So _if_ I can do this entirely in Python then I think it's the way to go. Unless there is some overwhelming reason that either C++ or Javascript is a more effective solution. Don't get me wrong - I love C++, it's what I do for a living, but I can develop significantly faster in Python than in C++ (though C++11 has definitely evened the score somewhat).

So is this attainable in Python? Reading a score and scenes from Json files and then sending out OSC as Reaper plays? Or is there some reason that doing it in C++ or JS would be better?

Thanks again for listening to me work this out!
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Old 12-14-2015, 10:21 AM   #2
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Your post is kind of long and would need to be addressed in detail...However, one thing to take note of immediately : Reaper's "JS" is not "JavaScript" but "JesuSonic". And they are completely different languages. Reaper doesn't have any built-in support for JavaScript.
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Old 12-14-2015, 12:51 PM   #3
Tom Swirly
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Excellent then. So much the better, it eliminates Javascript entirely! Thank you.

That sort of thing is really just what I'm looking for rather than an in-detail analysis, I know it's too long. :-)

Any reason why Python might be problematic - features you can only get in C++, severe performance implications?
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Old 12-14-2015, 01:00 PM   #4
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Quote:
Originally Posted by Tom Swirly View Post
So is this attainable in Python? Reading a score and scenes from Json files and then sending out OSC as Reaper plays?
That isn't really going to work too well with any of the Reaper scripting language (Python, Eel, Lua) options. The scripting languages don't have the means to hook into the audio engine in a way that would allow playing back timed events accurately. You could maybe achieve something approximate via the defer-mechanism. The defer-mechanism allows a scripting language function to be called repeatedly from a timer. You can't however control that timer interval yourself, nor will the time intervals be completely predictable. Well, you did mention the sync doesn't need to be very accurate anyway...? I am not sure what you can expect to get with the defer-timer. Maybe around 50 function calls per second? (I've never extensively tested that.)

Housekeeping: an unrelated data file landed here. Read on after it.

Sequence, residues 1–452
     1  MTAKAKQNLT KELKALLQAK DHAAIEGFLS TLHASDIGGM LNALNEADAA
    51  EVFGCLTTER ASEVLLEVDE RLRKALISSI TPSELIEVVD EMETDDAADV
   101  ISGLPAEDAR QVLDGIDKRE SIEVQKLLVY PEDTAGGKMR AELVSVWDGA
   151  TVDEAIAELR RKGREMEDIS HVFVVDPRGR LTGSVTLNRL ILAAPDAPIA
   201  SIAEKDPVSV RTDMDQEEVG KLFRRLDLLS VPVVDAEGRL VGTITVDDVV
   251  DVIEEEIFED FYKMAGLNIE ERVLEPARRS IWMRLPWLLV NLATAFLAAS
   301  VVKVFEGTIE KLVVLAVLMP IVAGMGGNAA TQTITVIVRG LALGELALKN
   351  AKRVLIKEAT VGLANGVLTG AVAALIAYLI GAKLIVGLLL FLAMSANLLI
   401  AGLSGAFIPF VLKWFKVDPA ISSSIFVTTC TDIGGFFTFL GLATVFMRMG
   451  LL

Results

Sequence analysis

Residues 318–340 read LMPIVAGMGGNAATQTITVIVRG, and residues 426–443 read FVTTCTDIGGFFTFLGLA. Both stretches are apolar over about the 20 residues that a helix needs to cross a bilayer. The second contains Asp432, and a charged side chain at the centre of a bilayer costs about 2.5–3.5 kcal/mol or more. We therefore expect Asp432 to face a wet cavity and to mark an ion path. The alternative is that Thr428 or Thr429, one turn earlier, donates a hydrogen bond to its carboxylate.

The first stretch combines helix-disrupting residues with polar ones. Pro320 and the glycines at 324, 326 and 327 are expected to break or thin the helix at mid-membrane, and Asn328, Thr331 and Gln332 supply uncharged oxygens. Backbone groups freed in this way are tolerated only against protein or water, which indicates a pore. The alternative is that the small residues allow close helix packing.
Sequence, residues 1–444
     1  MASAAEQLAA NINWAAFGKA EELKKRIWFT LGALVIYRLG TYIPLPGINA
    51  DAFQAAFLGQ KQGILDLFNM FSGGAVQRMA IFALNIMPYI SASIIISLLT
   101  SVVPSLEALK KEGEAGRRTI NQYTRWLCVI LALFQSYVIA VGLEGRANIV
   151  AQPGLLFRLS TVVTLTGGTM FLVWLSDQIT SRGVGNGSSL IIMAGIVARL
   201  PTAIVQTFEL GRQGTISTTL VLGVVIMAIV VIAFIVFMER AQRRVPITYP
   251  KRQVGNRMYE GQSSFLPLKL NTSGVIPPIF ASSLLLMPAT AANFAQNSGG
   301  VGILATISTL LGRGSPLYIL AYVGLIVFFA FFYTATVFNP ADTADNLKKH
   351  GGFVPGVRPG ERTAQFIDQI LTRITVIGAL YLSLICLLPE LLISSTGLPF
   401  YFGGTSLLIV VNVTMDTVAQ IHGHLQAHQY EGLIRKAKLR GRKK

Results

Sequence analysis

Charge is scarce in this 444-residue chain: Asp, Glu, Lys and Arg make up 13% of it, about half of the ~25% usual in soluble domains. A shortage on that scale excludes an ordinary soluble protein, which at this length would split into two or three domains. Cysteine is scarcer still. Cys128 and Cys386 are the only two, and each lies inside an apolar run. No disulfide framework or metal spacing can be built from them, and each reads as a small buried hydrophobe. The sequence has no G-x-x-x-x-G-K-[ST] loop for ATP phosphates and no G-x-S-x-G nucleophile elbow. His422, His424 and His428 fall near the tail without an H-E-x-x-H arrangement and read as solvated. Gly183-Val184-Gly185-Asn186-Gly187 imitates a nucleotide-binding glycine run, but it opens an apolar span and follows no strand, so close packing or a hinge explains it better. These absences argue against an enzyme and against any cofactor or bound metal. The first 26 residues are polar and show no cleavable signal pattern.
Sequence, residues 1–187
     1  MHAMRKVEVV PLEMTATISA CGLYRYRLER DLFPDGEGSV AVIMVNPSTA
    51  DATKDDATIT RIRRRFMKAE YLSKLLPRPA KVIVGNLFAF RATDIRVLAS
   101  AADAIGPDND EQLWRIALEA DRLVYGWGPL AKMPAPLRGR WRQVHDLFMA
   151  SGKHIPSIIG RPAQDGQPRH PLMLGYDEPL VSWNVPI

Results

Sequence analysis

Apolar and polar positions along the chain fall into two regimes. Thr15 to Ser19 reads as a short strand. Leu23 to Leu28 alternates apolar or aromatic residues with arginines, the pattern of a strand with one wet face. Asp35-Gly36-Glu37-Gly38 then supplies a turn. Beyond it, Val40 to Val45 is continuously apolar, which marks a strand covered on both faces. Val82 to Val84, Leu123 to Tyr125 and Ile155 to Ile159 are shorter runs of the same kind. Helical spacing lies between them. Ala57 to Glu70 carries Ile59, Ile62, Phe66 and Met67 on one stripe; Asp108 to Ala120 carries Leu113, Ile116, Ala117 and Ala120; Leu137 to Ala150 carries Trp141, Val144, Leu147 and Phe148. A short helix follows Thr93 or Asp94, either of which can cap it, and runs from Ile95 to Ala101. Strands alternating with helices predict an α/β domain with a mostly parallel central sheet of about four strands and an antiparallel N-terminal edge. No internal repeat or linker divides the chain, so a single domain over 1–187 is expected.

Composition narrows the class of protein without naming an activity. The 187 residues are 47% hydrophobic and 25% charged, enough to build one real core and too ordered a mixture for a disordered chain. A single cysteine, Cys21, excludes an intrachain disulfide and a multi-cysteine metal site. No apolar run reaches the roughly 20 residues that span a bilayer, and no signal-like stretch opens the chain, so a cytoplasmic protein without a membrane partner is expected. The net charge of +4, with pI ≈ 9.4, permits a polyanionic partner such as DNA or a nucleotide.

With C++ you can implement a subclass of Reaper's PCM_source that can result in more predictable and accurate timing, but even with that things might turn out tricky. (I've done such a subclass myself that was able to send OSC messages but I didn't develop that thing very far, it was just for some preliminary testing purposes.)
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Old 12-14-2015, 02:56 PM   #5
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Quote:
Originally Posted by Tom Swirly View Post
...
There are several points in your post that trigger my comments.

1) Javascript Language: Reaper feature a built-in script language called "EEL" that is different but a slightly similar concept from Java Script (both are derived from C, but done for a less "strict" programming style). So when you come from JS, I suppose you will be up to speed with EEL in no time. Reaper uses EEL as well for VST-alike "JesuSonic" Plugins (living together with VSTs and other plugins - handling Midi and audio in and out - in the tracks' effect chains), as for "scripts" that influence the behavior of Reaper itself by an appropriate API. I did a number of EEL Plugins for customizing the "Live" use of Reaper, for myself (playing two master keyboards and a TEC "BBC" Breath controller - I buried my old WX7 when I got <the brand new pre-release version of> the BBC) and for a friend, who plays an EWI wind controller. I did a description of the set of EEL plugins I did for him. -> http://www.bschnell.de/patch.pdf

2) Using Reaper "Live": Here the free SWS "LiveConfigs" extension already provides great functionality without you needing to do any programming. Here a revised manual for that -> http://www.bschnell.de/LiveConfigs_1.pdf. I mainly use reaper for Live Playing with VST instruments and effects. Works great, awesome stability (Windows 7)!

3) DMX: Another friend of mine is about to release (sell) a little device called "ADMX/2" that (among other things) allows for attaching Reaper to DMX lighting equipment via EEL plugins, that send out midi messages. The EEL plugins take (reprogrammed) Reaper "envelops" our sound output from other tracks as an input. (Of course Midi output from tracks cold be used as well.)

Please let me know if you have any specif questions. on these issues.